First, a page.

317 F2d 413 Bros Incorporated v. Browning Manufacturing Co

317 F.2d 413

BROWNING MANUFACTURING CO. and Shovel Supply Co., Inc., Appellees.

No. 17169.

United States Court of Appeals Eighth Circuit.

May 27, 1963.

Andrew E. Carlsen, Minneapolis, Minn., made argument for appellant. Douglas L. Carlsen, of Carlsen, Carlsen & Sturm, Minneapolis, Minn., on the brief.

Warley L. Parrott, Charlotte, N. C., made argument for appellees. Wilton Rankin, of Parrott & Rankin, Charlotte, N. C., on the brief.

Before SANBORN and BLACKMUN, Circuit Judges, and STEPHENSON, District Judge.

SANBORN, Circuit Judge.

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This is an appeal from a judgment for the plaintiffs, Texas corporations, (appellees) in an action brought by them in June, 1959, against Bros Incorporated, a Minnesota corporation, (appellant) (Bros) to secure a declaratory judgment that its United States Patent No. 2,610,557 for a "Pneumatic Roller Compactor," issued to C. W. Bros, et al., September 16, 1952, on an application filed November 17, 1949, was invalid. In their complaint the plaintiffs alleged that they had been notified by the defendant that the pneumatic roller compactors made by the plaintiffs infringed the patent in suit. They alleged that the patent was invalid for several reasons. The one with which we are concerned is based on 35 U.S.C. § 102, which provides in part:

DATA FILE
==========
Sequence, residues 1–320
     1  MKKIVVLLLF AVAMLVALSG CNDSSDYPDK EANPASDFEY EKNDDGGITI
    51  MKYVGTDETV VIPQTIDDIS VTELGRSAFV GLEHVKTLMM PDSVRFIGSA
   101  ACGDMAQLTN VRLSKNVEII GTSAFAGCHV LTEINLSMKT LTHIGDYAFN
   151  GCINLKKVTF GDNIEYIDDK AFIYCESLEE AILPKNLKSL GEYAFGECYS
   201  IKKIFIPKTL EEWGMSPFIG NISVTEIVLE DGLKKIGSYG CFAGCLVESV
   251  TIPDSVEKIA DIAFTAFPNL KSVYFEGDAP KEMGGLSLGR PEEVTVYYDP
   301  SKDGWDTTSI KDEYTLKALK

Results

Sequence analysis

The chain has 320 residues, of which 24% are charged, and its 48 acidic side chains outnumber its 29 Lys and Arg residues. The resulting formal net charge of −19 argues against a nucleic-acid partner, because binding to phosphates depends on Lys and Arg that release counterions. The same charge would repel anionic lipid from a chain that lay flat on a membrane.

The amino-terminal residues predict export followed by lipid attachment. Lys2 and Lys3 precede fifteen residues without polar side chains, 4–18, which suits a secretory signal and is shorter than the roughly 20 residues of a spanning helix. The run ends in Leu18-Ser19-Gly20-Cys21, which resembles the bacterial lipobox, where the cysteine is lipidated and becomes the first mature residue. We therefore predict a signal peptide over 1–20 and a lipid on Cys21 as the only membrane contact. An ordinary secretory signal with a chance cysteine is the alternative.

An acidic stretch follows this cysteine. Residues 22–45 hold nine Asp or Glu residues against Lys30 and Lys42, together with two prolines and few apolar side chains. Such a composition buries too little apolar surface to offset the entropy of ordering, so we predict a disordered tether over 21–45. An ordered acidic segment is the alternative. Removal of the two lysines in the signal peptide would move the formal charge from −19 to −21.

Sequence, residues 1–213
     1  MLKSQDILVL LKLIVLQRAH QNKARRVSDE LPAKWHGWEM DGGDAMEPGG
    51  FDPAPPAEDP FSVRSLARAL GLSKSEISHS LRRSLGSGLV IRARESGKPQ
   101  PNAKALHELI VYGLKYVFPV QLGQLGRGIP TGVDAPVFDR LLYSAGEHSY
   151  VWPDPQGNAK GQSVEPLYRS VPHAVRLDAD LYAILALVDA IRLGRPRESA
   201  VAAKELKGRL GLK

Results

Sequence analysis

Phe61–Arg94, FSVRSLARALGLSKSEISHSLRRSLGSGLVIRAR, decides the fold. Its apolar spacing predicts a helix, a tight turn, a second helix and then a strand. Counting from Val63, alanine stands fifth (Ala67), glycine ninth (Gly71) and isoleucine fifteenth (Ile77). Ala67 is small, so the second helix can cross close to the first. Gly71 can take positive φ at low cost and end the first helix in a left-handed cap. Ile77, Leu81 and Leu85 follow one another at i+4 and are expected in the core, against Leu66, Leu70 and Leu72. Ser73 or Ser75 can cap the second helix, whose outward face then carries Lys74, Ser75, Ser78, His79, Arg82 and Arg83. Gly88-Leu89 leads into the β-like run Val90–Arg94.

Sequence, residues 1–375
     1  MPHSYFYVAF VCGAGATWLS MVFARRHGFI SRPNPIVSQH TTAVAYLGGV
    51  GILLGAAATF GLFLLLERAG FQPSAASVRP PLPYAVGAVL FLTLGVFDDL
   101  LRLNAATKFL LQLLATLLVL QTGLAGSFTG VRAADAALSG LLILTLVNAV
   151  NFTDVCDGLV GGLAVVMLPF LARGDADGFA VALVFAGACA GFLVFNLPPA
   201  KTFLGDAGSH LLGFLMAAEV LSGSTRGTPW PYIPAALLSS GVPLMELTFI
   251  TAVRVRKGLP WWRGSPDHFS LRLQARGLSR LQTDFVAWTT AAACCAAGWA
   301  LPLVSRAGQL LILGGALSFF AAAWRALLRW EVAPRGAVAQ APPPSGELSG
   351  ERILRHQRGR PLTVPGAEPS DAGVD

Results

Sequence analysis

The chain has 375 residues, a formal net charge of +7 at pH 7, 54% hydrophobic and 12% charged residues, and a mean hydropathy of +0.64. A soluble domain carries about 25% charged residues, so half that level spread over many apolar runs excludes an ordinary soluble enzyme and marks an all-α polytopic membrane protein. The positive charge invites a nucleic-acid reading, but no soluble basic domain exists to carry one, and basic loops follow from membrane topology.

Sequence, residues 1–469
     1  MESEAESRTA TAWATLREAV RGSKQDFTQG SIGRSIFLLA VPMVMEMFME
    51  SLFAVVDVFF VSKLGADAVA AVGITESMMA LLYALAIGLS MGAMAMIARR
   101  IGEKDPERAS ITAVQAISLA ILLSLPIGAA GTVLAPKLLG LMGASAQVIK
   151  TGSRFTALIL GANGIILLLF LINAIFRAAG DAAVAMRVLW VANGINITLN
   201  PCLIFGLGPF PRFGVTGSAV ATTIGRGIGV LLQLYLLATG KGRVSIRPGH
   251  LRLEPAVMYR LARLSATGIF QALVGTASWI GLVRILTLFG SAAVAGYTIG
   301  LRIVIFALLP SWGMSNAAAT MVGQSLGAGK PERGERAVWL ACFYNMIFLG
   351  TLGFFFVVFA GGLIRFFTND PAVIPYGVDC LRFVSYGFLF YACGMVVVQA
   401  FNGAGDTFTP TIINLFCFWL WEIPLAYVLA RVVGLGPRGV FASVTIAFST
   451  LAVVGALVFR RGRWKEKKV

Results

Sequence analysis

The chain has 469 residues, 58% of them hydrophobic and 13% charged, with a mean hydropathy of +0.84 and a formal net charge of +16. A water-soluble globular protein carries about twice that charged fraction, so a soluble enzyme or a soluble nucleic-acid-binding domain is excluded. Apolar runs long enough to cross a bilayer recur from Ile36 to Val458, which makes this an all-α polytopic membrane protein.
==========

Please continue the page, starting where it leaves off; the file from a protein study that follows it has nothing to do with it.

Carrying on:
"A person shall be entitled to a patent unless —


* * * * * *


"(b) the invention was patented or described in a printed publication in this or a foreign country * * * more than one year prior to the date of the application for patent in the United States * * *."


The complaint alleged that in a printed pamphlet or advertising folder, entitled "50 Ton Compactor With Oscillating Wheels," which had been prepared and publicly distributed by the defendant at the "Road Show of the American Road Builders' Association held in Chicago, Illinois, from July 16, through July 24, 1948," the claimed invention was fully described and illustrated. This the defendant in its answer denied. By a counterclaim, it asserted that the plaintiffs were infringers, and asked for an injunction and an accounting. The plaintiffs joined issue on the counterclaim.